[BOOKS] ✭ At the Hands of Persons Unknown: The Lynching of Black America Author Philip Dray – Dolove.info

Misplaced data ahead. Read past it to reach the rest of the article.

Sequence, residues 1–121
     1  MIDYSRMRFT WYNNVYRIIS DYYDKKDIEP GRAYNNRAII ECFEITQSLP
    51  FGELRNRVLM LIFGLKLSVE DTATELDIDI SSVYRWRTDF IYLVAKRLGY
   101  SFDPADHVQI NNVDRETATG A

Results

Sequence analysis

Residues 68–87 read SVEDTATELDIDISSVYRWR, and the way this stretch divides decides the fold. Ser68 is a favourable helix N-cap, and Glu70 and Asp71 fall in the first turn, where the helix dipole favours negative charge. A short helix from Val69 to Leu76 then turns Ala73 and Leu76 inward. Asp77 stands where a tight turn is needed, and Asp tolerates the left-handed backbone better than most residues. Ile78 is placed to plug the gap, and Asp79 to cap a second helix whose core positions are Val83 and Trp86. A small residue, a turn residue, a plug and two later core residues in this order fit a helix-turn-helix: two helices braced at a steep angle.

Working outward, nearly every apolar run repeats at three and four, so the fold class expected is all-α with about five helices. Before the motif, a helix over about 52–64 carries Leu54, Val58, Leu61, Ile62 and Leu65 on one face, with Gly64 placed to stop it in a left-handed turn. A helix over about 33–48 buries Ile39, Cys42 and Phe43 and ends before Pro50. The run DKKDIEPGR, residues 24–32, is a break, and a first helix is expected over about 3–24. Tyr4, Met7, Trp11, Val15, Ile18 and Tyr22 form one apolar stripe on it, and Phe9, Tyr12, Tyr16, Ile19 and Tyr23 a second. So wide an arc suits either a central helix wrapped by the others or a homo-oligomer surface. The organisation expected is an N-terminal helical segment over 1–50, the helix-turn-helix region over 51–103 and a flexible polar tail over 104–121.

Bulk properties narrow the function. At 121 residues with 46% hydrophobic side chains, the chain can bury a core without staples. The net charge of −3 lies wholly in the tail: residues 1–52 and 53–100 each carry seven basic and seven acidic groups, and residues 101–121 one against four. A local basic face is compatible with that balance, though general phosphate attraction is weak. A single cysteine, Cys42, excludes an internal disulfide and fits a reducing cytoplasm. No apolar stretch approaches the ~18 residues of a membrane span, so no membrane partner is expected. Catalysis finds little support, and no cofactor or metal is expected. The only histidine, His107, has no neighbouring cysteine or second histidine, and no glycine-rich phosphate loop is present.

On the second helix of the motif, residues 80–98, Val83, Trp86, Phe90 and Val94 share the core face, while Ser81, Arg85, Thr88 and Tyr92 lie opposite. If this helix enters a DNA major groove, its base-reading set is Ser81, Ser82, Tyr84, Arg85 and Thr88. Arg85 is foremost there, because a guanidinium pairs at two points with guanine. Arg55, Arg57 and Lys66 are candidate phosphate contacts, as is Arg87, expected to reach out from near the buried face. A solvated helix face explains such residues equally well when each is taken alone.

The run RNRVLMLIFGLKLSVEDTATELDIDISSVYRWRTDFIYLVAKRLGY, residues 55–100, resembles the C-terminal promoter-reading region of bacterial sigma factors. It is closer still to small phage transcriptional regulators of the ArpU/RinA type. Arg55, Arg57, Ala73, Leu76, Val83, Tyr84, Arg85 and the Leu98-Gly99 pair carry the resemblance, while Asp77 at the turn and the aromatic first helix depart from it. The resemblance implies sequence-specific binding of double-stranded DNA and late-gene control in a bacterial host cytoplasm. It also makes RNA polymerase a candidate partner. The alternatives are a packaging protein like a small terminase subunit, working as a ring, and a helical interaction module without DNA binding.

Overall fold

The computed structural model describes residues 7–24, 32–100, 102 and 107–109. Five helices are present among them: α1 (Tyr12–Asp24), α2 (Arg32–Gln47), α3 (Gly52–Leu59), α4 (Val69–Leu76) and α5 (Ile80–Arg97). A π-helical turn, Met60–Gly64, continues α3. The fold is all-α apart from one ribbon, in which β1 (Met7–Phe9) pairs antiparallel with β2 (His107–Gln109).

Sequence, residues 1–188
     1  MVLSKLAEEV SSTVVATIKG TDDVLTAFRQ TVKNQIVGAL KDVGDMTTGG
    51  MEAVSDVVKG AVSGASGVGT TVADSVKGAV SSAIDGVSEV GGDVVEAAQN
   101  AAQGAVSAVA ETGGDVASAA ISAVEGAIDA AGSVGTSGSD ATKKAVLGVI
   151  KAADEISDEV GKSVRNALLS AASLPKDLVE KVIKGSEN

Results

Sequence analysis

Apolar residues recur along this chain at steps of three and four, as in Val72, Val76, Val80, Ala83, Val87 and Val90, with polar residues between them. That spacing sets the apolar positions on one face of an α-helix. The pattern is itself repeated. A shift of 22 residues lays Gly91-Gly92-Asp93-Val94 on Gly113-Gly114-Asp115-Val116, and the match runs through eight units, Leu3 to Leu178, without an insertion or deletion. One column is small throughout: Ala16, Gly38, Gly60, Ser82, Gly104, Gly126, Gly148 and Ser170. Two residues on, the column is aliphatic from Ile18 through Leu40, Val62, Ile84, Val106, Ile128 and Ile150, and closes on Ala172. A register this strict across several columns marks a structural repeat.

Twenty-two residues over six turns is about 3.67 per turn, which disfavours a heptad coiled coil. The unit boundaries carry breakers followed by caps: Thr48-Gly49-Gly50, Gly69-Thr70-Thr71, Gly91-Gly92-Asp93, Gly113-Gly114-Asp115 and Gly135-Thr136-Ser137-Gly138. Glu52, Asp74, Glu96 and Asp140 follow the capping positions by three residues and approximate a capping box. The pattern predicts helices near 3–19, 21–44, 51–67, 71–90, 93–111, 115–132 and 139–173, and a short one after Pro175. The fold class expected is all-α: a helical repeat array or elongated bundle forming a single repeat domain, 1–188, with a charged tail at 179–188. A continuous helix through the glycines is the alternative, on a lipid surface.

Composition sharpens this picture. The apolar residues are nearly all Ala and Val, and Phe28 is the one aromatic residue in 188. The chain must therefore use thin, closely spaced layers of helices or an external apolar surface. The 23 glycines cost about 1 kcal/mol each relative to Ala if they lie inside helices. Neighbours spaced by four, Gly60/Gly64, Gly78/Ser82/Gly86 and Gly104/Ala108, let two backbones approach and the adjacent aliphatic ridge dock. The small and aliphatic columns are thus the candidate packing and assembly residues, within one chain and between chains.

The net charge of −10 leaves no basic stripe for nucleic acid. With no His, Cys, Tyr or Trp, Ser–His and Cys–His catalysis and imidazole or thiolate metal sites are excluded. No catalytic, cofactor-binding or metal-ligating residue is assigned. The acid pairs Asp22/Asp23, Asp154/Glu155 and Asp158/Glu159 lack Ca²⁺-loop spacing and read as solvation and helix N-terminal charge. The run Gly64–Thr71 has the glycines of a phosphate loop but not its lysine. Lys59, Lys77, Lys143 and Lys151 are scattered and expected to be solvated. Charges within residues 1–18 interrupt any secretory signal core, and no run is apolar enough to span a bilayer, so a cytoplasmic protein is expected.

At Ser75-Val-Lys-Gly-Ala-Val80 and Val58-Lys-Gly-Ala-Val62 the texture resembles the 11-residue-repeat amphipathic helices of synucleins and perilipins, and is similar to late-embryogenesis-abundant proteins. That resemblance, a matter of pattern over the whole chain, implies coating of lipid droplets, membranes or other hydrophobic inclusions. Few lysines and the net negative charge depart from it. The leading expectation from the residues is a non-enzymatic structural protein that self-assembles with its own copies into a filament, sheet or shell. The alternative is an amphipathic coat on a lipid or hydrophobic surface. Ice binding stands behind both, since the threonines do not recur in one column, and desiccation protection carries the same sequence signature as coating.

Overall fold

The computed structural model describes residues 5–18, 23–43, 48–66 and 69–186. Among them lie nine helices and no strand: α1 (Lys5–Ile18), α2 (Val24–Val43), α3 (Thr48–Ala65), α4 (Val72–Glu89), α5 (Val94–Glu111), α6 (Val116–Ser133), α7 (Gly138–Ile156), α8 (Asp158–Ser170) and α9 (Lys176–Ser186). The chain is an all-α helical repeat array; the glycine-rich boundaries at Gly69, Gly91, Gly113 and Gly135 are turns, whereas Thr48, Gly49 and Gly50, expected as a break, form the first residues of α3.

At the Hands of Persons Unknown: The Lynching of Black America Although this book is anchored in the retelling of the stories of dozens of brutal lynchings that took place across America predominantly, but far from exclusively, in the South over the course of a hundred year or so span of American history, it is primarily a story of how activists and opposition movements worked to curtail and criminalize lynching The sad personal stories of lynchings many victims often provide some insight into how these murders reinforced the local caste system and Although this book is anchored in the retelling of the stories of dozens of brutal lynchings that took place across America predominantly, but far from exclusively, in the South over the course of a hundred year or so span of American history, it is primarily a story of how activists and opposition movements worked to curtail and criminalize lynching The sad personal stories of lynching s many victims often provide some insight into how these murders reinforced the local caste system and sought to quell black agency, social advancement, or economic competition but the focus and narrative arc is ultimately on the reformers, not the perpetrators or the communities who participated and supported them in their crimes The history does make clear that at least until the mid 50s when they becamecovert affairs , lynchings were collective actions, abetted by and celebrated by members of the community, but the hands of the persons involved remain largely unknown The story here and it is a heroic one is of the actions of individuals like W.E.B Dubois and Ida B Wells, as well as organizations like the NAACP , the Commission on Interracial Cooperation, and the Association of South Women for the Prevention of Lynching, to hold communities, law enforcement, and the state and federal governments to account and institute a system of rule of law that would stand up against extrajudicial killings While painfully incremental in their progress, these efforts were ultimately successful and helped set the stage for the civil rights activism of the 1950s and 1960s The factors that contributed to that success are varied, and include changes in the social patterns of Southern society driven by economic and post war trends the accompanying slow but continual struggle for empowerment by black communities and activists the concerted efforts of anti lynching advocates to expose the brutality of the crimes and contrast them with the experience of the world wars legal strategies and reform efforts aimed at holding sheriffs accountable for prisoners in their custody and institutionalizing due process and the eventual intervention of federal and state authorities into local jurisdictions It s a complex multi causal history, and while the public brutality of the mob remains fundamentally alien to me as a distant reader, this was a great education into our history as a nation A heavy, dense, jarring, violent read that should be read by all in adulthood Philip Dray carefully takes his time to weave through Reconstruction, the Gilded Age, World War I, the Progressive Era, Great Depression, World War II, and the infancy of the Civil Rights Movement of the 1950s never forgetting his thesis of showing lynching as a barbaric, ugly, and unlawful American tradition, that was often performed on Black Americans.Framing lynching as a means of grabbing some type of power A heavy, dense, jarring, violent read that should be read by all in adulthood Philip Dray carefully takes his time to weave through Reconstruction, the Gilded Age, World War I, the Progressive Era, Great Depression, World War II, and the infancy of the Civil Rights Movement of the 1950 s never forgetting his thesis of showing lynching as a barbaric, ugly, and unlawful American tradition , that was often performed on Black Americans.Framing lynching as a means of grabbing some type of power grab and misguided means of justice of both affluent and poor whites to subjugate over Black life and Black bodies, the author never forgets to give the credit to two pioneers who started the work of tracking lynchings and demanding true justice for its victims Ida B Wells Barnett and Dr W.E.B DuBois In that vein, he explores the work of those two, countless others, and the genesis of over a dozen civil rights organizations.Sometimes, having almost 60 page long chapters, Dray s manuscript can feel like a chore to finish for the reader However, the wordy manuscript comes with a great reward of what I believe is a core representation of Wells Barnett and DuBois and countless others lifelong work Well sourced and cited, At The Hands can serve as a springboard into a deep dive into the subject of lynching and birthing of civil rights movements The jarring, violent, blow by blow, minute by minute recounting of the lynching incidents can become a bit cumbersome to the reader but is it any cumbersome than those who were victims and family friends of the victims and lived though the harrowing experiences The answer is simply no And in no means is any recounting of America s violent past, any excuse to never engage with the truth of that past I do believe toward the end of his manuscript, he may have felt a bit rushed by his editor He gives no real reason as to why lynchings seemed to stop and didn t seem pressed to deep dive as to why He also paints a picture of a flowery south in America now, where the racial discord is one of the past It seems it was an editorial mandate to put a pretty bow on it, at the end Nevertheless, those critiques don t take away from the sheer power and necessary ness no, that is not a word Lol of the work.A read I would definitely recommend to every single person now It took me two years to finish it because I kept picking it up and putting it down But I am most glad I finished it 4.5 5 stars Winner Of The Southern Book Critics Circle Award For NonfictionThis Extraordinary Account Of Lynching In America, By Acclaimed Civil Rights Historian Philip Dray, Shines A Clear, Bright Light On American History S Darkest Stain Illuminating Its Causes, Perpetrators, Apologists, And Victims Philip Dray Also Tells The Story Of The Men And Women Who Led The Long And Difficult Fight To Expose And Eradicate Lynching, Including Ida B Wells, James Weldon Johnson, Walter White, And WEB Du Bois If Lynching Is Emblematic Of What Is Worst About America, Their Fight May Stand For What Is Best The Commitment To Justice And Fairness And The Conviction That One Individual S Sense Of Right Can Suffice To Defy The Gravest Of Wrongs This Landmark Book Follows The Trajectory Of Both Forces Over American History And Makes Lynching S Legacy Belong To Us All As I type this, the President of the United States Donald J Trump has attacked Rep Elijah Cummings It was a racist attack This attack comes on the heels of countless attacks on four women of color who are also representatives, including a false claim that one of the women was married to her brother One of his opening attacks was telling the women to go back to their countries all four are American citizens, three were born in American, and the one who is naturalized has been a citizen As I type this, the President of the United States Donald J Trump has attacked Rep Elijah Cummings It was a racist attack This attack comes on the heels of countless attacks on four women of color who are also representatives, including a false claim that one of the women was married to her brother One of his opening attacks was telling the women to go back to their countries all four are American citizens, three were born in American, and the one who is naturalized has been a citizen longer than the First Lady and her Be Best campaign Then there was the time he said Congresswoman Wilson was a stripper Trump also believes that Obama is not an American and that the Obama family book deals should be investigated People are wary to say the following Trump is a racist because of reasons I m not entirely sure what those reasons are I know that some of them have to do with press rules, but considering that the above is only a fraction of what the Trump presidency has done in terms of attacking people of color, including the targeting of reporter April Ryan, and considering Trump s record in NYC, it should be a matter of record that Trump is in fact a racist Tie that to the Federal Government going back to executions under a President who wanted the Central Park Five executed after their innocence was acknowledged proven , and we are entering an even scary time than most people dare I say most white people are aware Dray s history of lynching in America makes it abundantly clear that same circumstances that existed to allow lynching exist today In spades It wouldn t be too hard to draw a connection between the violence that has been threatened towards AOC and Omar, and lynching s It is not surprising that Trump targets people of color who call him out on his behavior or are critical of his policies And what is the difference between MAGA and the change that Omar and the squad say is needed Outside of how the policies are different, both are saying the country needs to be improved It is the same reason why lynching was done it is a way to keep the power in the relationship, to enforce a racist hierarchy But you know this In his book, Dray details not only famous and lesser known cases of lynching including one at a university but also the whys for the violence he moves beyond the accurate if board racism as well as those who fought against it and sometimes those people will surprise you , he also details the society that allowed it The comments in the news, by people and such And many of those comments are pretty much the language that Trump and his supporters are using That is one reason why you should read this bookYou should also read this book because this part of American history is something that we should not ignore or be ignorant about In part, this is so we can avoid it, but also so we can understand and acknowledge the problems in the relationship between the justice system and minority communities many of the lynching s were done with approval or little intervention from the justice system, and we still see that impact today.In part, so that we can confront the ugly history the same way that countries such as Germany have confronted theirs That is another reason to read this book Dray s writing is engaging He doesn t shy away from the graphic unpleasant details, but he does not use load language to try to heighten the reader s emotional responses The cases that he focuses on are either famous enough to warrant mention, or because the lack of or response to the attacks is important historically While the book does have photos, and some of those are disturbing to look at as they should be , the book is primary description, which as always makes the horrific evenso If you are worried about being triggered, the photos are in the photo section just over mid way in The first photo in that section is not bad So, if you need to skip the photos, you can The book is packed with information and you will discover other books to read in the narrative The one strange thing was that he starts with W E B DuBois, and I was hoping for Ida B Wells But I guesspeople know DuBois as opposed to Wells Though, hopefully this book helps to correct that This book was hard on my soul I always thought when a Black person was lynched, they died of a broken neck, which is a relatively quick death I didn t know that being strung up on a rope was done after the person was tortured, mostly by first taking souvenirs of the still living person The first to go was the victim s penis then the fingers, toes, ears, etc Then the person was roasted slowly over a fire, and then hung After that pictures were taken of the body and sent all over the This book was hard on my soul I always thought when a Black person was lynched, they died of a broken neck, which is a relatively quick death I didn t know that being strung up on a rope was done after the person was tortured, mostly by first taking souvenirs of the still living person The first to go was the victim s penis then the fingers, toes, ears, etc Then the person was roasted slowly over a fire, and then hung After that pictures were taken of the body and sent all over the country with hundreds and even thousands of people standing around smiling the audience actually fought over the remaining pieces of the victims I also didn t know right after reconstruction up until the 1940 s at least ten lynchings too place a month Most of them with cooperation with the local authorities , including the railroad companies that added special trains to get hundreds of people from different states to a lynching in another state The papers covered these lynchings as entertainment At times this was a difficult book to read, but I m glade I did Reading Chekhov along side it was soothing for some reason Incredible Probably one of the best books I ve read in the last year and a half On one hand a brutal yet clear examination of the history of lynching in U.S history, the book also serves as a nice compendium of the history of race relations from Reconstruction to the dawn of the Civil Rights Movement It helps that Dray makes his examination concrete by focusing on individual larger than life characters, most notably Ida B Wells and W.E.B Dubois, and that he also writes on a larger Incredible Probably one of the best books I ve read in the last year and a half On one hand a brutal yet clear examination of the history of lynching in U.S history, the book also serves as a nice compendium of the history of race relations from Reconstruction to the dawn of the Civil Rights Movement It helps that Dray makes his examination concrete by focusing on individual larger than life characters, most notably Ida B Wells and W.E.B Dubois, and that he also writes on a larger historical scale, zooming in on noticeable events in history and particular acts of domestic terrorism and lynchings and legal battles that help shape the book with a narrative flaw that makes for charged and energetic reading I was also profoundly moved, and yet saddened towards the end, at the plights of blacks in this country, and at the levels and depths of human ignorance, folly, and travesty, that can manifest itself on such a large scale Five stars because every American adult should read it Unsurprisingly, it s not an easy or a pleasant read But it is well written and compelling The violence and terror experienced by blacks during the lynching era 1880 1940 was much worse than many of us have imagined No aspect of black life was unaffected by that terror It was deeply ingrained in black experience and nearly impossible to escape It s essential for all Americans to understand how pervasive and profound the terror was Five stars because every American adult should read it Unsurprisingly, it s not an easy or a pleasant read But it is well written and compelling The violence and terror experienced by blacks during the lynching era 1880 1940 was much worse than many of us have imagined No aspect of black life was unaffected by that terror It was deeply ingrained in black experience and nearly impossible to escape It s essential for all Americans to understand how pervasive and profound the terror was that circumscribed black families and black communities at the hands of white people not just those in white capes and hoods but the entire white establishment state, community, media, churches The violence was out in the open, shameless, even celebrated Until we confront the reality of our past, we will not heal nor understand how that past informs the present Excellent book, reads like a novel I could see so many parallels with the present time Read this after you read fluff like The Help for aaccurate reality and proof that black people were not victims but actively sought to change their circumstances Also read Without Sanctuary the descriptions of these brutal and animalistic lynchings by racist America are almost hard to believe until you see the actual postcard photos that were collectors items Amazing book about appalling historyAs a history buff who has also read a lot about the death penalty in the United States, I was surprised by how many of the stories and names in this book were completely new to me I was also surprised to learn how wrong I was in my prior assumptions about what a typical lynching looked like I had no idea how often victims were killed by means other than hanging especially being burned alive or how often the body was further mistreated even after Amazing book about appalling historyAs a history buff who has also read a lot about the death penalty in the United States, I was surprised by how many of the stories and names in this book were completely new to me I was also surprised to learn how wrong I was in my prior assumptions about what a typical lynching looked like I had no idea how often victims were killed by means other than hanging especially being burned alive or how often the body was further mistreated even after death.Horrific though this history is, though, this is also the story of the people and organizations who courageously fought back through campaigns to raise public awareness and attempts to pass legislation to make lynching a federal crime Though it is easy to become depressed while reading all the lynching stories depicting the worst of humanity, Dray consistently highlights the best of humanity as well through the contributions of those who risked everything to resist lynching culture and put an end to the shame of America In short, I would definitely recommend this book to all those interested in American history or in having a better understanding of race relations in the United States Sweeping, definitive, sickening A companion to Buried in the Bitter Waters that should be mandatory reading for those who utter the phrase post racial age.